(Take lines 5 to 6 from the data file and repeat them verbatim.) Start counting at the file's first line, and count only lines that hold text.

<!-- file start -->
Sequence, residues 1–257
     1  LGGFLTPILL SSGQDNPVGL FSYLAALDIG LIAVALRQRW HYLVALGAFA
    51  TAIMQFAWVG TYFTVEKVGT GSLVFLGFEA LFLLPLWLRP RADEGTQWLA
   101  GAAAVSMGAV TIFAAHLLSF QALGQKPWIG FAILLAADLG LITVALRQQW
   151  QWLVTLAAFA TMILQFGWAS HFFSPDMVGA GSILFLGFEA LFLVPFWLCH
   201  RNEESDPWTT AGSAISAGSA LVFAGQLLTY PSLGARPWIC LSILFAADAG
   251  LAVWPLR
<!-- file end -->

   151  QWLVTLAAFA TMILQFGWAS HFFSPDMVGA GSILFLGFEA LFLVPFWLCH
   201  RNEESDPWTT AGSAISAGSA LVFAGQLLTY PSLGARPWIC LSILFAADAG